Steve says the designs for the upscale casual clothing he and Andi created for the first company, Fitigues, were inspired by vintage athletic concepts, with a hint of a military look.

He picks up a vintage university sweatshirt. While used, with maybe a worn spot on the neck or cuffs, the fabric thickness and the tailoring are more substantial than found on many similar products on the market today.

“Feel this,” he says. “It’s the heavy, original Champion, made in the USA, reverse weave sweatshirt that make every guy in my generation say, ‘Wow.’”

Steve refolds the shirt and places it back on the stack. “So we’re going out and finding this, and we’re reclaiming it. Then we’ve got to do our thing to it – we’ve got to recycle it, wash it, it’s pretty neat.”

He stopped at a rack of shirts and pulled one out. “This is a French military training T-shirt that was made back in the ‘40s and ‘50s that we find. I pick up fabric like this and think, ‘You could never make that.’ And when you feel this cotton, it was handmade in Europe back in the ‘30s and ‘40s. It feels like Armani, to me.”

Many of today’s shirts lack the tailoring and durability of clothes made decades ago. They are much lighter, and they are made from simpler designs with less detailing and fewer pieces.

Scouting for vintage clothing is time consuming and labor intensive. It means locating companies that collect used clothing for resale or recycling. It means diving into bins of dirty clothes and picking through them. A facemask is advisable, followed by a shower.

“This is a labor of love,” Steve says. “We’re finding this stuff in warehouses in France, all over the place. All over the world.”

Andi says: “We have traveled extensively and rummaged through lots of warehouses, hand selecting each of these genuine, vintage, reissued and often handcrafted items.”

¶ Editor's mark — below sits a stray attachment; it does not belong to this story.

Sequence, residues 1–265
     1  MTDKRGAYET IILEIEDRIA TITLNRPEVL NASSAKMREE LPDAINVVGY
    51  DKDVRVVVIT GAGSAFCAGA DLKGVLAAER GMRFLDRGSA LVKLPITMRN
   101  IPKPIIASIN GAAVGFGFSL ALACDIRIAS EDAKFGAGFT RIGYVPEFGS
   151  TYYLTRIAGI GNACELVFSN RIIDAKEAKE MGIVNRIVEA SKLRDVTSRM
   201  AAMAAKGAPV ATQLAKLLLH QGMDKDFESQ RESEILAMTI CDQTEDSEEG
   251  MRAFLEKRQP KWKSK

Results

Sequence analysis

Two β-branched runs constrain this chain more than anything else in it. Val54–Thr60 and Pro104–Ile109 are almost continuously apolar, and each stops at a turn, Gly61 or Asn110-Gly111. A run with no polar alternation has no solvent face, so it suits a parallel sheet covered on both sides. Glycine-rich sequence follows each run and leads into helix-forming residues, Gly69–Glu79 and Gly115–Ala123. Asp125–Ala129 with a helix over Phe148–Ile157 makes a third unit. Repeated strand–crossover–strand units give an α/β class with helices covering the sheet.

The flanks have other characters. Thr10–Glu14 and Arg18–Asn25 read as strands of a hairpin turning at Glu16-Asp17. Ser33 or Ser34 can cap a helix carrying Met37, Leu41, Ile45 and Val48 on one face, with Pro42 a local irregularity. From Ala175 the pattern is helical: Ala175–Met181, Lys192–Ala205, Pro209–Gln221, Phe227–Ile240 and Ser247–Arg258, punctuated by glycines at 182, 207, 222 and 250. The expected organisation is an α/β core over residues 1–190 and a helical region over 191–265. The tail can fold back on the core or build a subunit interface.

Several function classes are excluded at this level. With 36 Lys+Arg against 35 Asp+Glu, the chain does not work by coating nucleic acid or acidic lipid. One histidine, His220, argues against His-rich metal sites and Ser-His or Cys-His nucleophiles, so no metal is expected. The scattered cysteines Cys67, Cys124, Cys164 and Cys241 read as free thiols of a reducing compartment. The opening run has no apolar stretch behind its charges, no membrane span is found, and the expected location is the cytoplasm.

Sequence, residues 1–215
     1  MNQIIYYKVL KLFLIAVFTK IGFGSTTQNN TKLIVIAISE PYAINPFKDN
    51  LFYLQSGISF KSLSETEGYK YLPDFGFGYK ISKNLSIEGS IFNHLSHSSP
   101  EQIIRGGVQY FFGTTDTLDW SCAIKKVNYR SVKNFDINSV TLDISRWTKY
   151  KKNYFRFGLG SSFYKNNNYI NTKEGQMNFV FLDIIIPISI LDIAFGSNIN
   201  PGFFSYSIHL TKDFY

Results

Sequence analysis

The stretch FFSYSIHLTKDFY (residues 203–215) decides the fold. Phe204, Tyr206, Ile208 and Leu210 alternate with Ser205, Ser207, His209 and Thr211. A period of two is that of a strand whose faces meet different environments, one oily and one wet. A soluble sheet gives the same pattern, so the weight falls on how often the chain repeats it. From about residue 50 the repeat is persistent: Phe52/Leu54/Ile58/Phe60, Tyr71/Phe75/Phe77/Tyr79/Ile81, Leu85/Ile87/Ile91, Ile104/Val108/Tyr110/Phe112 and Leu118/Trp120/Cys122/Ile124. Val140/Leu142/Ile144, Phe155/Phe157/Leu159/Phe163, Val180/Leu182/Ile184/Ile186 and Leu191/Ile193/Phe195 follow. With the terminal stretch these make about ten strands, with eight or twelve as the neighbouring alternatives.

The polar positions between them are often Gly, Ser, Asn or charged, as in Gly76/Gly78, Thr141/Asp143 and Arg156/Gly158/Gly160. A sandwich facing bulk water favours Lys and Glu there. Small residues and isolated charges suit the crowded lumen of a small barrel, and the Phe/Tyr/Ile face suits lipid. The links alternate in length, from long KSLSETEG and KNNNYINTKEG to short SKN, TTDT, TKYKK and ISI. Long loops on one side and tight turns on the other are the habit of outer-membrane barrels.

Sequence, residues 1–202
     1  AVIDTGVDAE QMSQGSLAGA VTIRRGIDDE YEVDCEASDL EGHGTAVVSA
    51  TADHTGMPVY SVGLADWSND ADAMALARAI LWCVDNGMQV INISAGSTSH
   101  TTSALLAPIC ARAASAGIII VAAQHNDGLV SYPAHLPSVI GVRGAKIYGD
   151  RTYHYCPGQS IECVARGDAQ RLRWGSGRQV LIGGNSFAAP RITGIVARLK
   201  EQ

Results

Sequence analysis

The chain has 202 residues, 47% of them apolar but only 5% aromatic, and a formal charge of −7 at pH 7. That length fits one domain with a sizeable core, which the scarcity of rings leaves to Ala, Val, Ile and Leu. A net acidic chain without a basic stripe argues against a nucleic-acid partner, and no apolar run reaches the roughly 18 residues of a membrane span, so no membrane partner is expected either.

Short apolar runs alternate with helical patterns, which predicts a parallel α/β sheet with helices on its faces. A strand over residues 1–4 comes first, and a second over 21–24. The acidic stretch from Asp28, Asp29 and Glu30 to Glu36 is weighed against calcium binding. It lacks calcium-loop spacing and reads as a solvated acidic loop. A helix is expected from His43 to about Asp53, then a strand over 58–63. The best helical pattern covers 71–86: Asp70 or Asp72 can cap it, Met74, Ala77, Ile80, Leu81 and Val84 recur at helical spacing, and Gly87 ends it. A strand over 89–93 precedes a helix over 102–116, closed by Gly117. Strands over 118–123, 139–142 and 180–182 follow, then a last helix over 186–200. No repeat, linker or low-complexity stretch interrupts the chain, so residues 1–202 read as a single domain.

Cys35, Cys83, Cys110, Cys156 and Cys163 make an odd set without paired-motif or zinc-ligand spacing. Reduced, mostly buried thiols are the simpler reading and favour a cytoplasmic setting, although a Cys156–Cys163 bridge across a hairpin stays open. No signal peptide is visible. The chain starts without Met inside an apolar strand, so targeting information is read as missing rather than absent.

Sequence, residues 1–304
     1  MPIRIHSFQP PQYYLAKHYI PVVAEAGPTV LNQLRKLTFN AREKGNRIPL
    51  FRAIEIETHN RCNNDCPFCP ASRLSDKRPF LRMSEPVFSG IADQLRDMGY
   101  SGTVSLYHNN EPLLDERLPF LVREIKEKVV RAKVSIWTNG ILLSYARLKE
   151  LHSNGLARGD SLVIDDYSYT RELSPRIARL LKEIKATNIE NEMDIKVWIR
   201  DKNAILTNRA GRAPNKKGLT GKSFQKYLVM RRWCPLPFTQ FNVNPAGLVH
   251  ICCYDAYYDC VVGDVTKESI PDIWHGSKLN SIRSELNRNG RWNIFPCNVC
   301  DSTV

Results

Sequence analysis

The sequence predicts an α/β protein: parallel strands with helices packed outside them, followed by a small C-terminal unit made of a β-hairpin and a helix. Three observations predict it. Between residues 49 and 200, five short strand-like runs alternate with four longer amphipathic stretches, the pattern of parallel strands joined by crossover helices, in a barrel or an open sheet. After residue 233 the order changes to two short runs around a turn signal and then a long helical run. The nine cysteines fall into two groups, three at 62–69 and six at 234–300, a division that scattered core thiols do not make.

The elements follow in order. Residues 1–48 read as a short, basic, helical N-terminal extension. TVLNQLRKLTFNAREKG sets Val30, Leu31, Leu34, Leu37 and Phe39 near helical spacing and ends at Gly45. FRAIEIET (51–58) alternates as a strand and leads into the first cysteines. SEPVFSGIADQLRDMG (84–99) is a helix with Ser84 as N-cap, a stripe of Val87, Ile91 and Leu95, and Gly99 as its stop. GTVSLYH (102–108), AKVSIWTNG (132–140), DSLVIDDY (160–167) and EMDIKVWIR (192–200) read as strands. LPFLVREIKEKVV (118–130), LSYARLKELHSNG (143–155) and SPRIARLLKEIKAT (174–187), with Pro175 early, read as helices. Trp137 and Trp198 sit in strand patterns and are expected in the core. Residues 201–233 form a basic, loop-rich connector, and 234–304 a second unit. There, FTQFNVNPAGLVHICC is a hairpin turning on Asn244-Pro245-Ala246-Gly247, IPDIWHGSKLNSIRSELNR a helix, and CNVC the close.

The Rosensteins hire local seamstresses to add antique buttons or beads or custom embroidery to some of the vintage clothes or military bags. Andi says her favorite finds include a 1929 French ammunition bag, now decorated with vintage crystal rosettes; 1950s sweatshirts embellished with vintage jewelry; and reissued thermal undershirts “like the ones we used to buy at the local surplus store.”

Steve moves to a rack of new tennis shoes with the PF Flyer brand. “And if it’s not reclaimed, it’s a brand that feels reclaimed. These are PF Flyers, something that we grew up with. The original PF. These are back out again; they’re owned by New Balance. New Balance has bought them and brought them back to life.”

Among his racks of vintage clothing are two tandem bicycles. The Rosensteins have helped start a bicycling club called the Retro Riders. The club has 30 members. They meet twice monthly at R&R Surplus. The club’s $5 monthly dues pay for the Pabst and Schlitz enjoyed after the neighborhood cruises.